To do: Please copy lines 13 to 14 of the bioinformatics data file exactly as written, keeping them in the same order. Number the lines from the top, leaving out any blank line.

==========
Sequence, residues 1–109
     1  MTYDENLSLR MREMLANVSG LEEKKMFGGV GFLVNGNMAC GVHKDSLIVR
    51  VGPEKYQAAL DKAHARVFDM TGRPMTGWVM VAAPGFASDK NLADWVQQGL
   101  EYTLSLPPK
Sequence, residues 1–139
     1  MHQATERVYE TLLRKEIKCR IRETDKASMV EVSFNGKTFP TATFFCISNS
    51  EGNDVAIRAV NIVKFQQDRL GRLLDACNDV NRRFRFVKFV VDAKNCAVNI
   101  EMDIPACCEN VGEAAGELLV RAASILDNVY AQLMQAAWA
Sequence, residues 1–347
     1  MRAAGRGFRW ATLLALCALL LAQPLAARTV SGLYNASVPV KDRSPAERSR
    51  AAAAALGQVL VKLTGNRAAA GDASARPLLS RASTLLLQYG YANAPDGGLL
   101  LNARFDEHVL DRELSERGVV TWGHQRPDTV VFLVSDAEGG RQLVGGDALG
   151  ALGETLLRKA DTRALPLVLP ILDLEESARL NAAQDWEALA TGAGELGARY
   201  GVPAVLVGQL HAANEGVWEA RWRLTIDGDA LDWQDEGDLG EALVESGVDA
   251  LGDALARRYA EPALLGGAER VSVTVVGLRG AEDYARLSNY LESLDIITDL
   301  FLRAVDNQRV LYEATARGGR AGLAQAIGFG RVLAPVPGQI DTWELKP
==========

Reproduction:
   151  ALGETLLRKA DTRALPLVLP ILDLEESARL NAAQDWEALA TGAGELGARY
   201  GVPAVLVGQL HAANEGVWEA RWRLTIDGDA LDWQDEGDLG EALVESGVDA